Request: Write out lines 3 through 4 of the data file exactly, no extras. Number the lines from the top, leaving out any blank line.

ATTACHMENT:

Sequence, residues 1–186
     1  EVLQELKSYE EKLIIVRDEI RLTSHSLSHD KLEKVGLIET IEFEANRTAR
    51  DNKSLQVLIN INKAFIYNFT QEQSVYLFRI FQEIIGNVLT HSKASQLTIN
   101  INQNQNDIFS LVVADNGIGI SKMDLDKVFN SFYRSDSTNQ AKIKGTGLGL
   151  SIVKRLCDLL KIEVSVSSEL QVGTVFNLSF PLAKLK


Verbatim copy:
    51  DNKSLQVLIN INKAFIYNFT QEQSVYLFRI FQEIIGNVLT HSKASQLTIN
   101  INQNQNDIFS LVVADNGIGI SKMDLDKVFN SFYRSDSTNQ AKIKGTGLGL